At other times, I've made reference to how a baby duck that has lost his mother will glom onto a dog or cat, bond with it and follow it around and adopting the behavior of its adopted parent. You see this in nature all the time. We humans are no different; children need a role model, or maybe several. Even a child from a broken marriage can have one parent there as a role model. If that parent starts dating again, even if they don't remarry, the children watch the interaction between the parent and a partner, or several partners over the years. They watch and they learn how to either enter into and nurse a relationship, or how to turn it into a disaster, but one way or another they are learning the people skills that will someday hopefully let them fulfill their part in the social contract of marriage.
At the next break we took during the series, I said to Gale, something like, "I'm amazed that we have made our relationship work as well as it has given that neither of us had decent or even any role models to draw on, to use as examples in a relationship. In my case they didn't exist and in her case they behaved more like roommates than husband and wife.
I guess I've always known the importance of children having role models, but it never quite hit home with me how my young life was almost devoid of those influences the way that line in the series spoke to me. I guess the most important role models for kids would be parents if they are lucky enough to have at least one in their lives.
We are born with instincts. Babies who have never fallen, are fearful of falling; that's instinct. They jump at a sudden loud noise, and wrinkle their noses at strange smells. We're born with those instincts, but just about everything else in life is learned through teachers, mentors, and role models.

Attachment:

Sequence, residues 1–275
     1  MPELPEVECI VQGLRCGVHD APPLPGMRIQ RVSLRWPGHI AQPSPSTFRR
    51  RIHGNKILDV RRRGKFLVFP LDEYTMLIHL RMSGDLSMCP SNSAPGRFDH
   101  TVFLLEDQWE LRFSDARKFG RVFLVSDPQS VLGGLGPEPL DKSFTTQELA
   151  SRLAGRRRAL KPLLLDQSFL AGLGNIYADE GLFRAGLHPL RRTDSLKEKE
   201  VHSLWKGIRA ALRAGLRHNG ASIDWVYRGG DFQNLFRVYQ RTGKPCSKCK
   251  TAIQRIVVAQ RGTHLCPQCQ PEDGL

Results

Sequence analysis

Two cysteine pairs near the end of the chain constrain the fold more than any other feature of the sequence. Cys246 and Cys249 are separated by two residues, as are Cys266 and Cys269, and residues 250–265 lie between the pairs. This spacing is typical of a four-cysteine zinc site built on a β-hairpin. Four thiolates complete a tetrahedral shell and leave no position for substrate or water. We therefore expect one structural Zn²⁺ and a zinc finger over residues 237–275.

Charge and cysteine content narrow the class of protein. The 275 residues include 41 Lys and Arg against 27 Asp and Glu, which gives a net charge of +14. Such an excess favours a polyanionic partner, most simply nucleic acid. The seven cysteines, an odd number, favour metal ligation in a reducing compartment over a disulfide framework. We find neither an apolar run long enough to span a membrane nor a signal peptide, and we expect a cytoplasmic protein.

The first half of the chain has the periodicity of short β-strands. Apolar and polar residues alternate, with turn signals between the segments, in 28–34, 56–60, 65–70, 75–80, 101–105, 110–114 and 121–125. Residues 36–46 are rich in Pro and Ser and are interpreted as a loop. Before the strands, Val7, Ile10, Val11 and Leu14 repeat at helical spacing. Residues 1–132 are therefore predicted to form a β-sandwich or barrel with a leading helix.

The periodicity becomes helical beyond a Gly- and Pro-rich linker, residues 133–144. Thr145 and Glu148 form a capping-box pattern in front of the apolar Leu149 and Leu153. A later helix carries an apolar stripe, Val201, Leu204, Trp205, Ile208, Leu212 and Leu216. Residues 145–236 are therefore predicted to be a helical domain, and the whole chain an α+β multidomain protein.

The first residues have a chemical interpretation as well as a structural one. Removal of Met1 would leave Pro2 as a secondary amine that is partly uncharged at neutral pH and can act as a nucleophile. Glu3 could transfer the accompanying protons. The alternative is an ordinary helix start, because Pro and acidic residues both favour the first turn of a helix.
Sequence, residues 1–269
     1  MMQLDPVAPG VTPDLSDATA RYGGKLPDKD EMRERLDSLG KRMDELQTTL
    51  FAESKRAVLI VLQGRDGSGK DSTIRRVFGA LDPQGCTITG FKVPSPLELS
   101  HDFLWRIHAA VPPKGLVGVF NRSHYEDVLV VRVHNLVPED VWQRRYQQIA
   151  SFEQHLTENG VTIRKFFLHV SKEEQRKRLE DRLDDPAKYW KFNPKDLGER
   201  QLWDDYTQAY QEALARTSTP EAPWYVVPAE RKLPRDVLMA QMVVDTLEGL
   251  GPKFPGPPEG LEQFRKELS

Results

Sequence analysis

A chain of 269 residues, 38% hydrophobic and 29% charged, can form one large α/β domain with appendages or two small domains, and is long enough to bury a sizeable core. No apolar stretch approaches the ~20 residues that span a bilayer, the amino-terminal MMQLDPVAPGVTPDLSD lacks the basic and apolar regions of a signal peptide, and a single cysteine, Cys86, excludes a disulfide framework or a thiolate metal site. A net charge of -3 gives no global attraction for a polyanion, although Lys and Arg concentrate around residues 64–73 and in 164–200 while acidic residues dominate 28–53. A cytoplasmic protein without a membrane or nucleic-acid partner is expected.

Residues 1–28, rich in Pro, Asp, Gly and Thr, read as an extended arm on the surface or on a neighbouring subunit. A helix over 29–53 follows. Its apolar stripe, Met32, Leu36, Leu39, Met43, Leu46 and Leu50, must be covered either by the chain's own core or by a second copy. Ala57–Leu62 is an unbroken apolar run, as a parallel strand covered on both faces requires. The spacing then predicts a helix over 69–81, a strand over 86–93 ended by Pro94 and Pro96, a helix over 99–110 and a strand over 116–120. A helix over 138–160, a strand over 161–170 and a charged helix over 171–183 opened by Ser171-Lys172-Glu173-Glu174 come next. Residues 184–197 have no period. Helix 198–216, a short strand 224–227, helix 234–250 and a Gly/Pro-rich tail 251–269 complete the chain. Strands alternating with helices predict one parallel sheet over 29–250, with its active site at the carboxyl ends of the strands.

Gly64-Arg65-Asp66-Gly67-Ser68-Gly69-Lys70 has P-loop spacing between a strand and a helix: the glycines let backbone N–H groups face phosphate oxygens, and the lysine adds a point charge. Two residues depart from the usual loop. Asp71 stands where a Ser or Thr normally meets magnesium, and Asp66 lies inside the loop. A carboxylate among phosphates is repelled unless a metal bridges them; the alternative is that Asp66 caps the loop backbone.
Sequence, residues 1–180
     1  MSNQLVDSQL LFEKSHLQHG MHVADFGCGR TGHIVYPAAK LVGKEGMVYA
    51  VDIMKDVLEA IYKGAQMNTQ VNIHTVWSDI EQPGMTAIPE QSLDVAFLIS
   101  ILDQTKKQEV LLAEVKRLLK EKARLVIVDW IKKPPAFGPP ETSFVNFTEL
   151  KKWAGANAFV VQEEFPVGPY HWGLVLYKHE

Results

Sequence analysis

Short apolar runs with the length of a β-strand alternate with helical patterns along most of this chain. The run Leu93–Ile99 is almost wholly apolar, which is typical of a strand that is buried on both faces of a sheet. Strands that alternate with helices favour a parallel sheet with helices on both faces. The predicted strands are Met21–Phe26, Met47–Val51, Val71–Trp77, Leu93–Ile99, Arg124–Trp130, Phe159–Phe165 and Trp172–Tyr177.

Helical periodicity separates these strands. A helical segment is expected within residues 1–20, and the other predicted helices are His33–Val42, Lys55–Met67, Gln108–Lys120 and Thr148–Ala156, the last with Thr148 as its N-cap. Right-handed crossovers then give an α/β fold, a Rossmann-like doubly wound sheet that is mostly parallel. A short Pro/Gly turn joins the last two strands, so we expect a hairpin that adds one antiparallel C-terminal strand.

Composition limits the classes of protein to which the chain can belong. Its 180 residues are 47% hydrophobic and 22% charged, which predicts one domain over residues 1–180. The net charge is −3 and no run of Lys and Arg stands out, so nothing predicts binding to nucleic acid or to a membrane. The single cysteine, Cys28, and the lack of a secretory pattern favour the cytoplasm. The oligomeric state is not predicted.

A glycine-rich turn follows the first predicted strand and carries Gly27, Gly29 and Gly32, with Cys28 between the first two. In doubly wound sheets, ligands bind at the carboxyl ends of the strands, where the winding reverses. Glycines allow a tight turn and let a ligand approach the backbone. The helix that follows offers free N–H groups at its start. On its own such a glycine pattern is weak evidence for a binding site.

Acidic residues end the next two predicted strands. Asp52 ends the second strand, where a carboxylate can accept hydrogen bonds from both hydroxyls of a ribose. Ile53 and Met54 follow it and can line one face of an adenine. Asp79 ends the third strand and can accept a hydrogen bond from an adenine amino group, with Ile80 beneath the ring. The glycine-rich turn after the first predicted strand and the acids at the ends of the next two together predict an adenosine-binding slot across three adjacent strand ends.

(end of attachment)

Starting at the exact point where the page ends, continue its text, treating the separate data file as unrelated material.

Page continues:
It can also be other family members, an Aunt or Uncle, siblings, teachers and coaches, there are any number of people, usually adults, who can play a role in a child's life and give the child the life lessons they will need in order to coexist with other humans. Children spend a great deal of time in that first ten or fifteen years watching and listening to the adults around them in order to gain the people skills that will shape them later in life. We don't always accept what the role models offer us, but at least we have a choice after witnessing behavior.
There is nothing Gale or I can do about our childhoods, and we have both grown and developed many of the social skills needed in a relationship as adults through reading, study, and communication with others. Sometimes it is a friend at a bar describing something in one of their relationships that give you information. It can be a movie, although you have to be a little careful about accepting everything as fact that pops up on a screen.
I truly believe that there are synopses in the brain that are formed and connected when you are a child that help you to develop as a loving, caring, and compassionate adult. It's no guarantee - for all I know, Ted Bundy came from a loving family - but in general, that is how the young in any species develops into an adult. They watch and listen and learn from their parents and other adults.
Discussing life, politics, and philosophy in the language of the bar.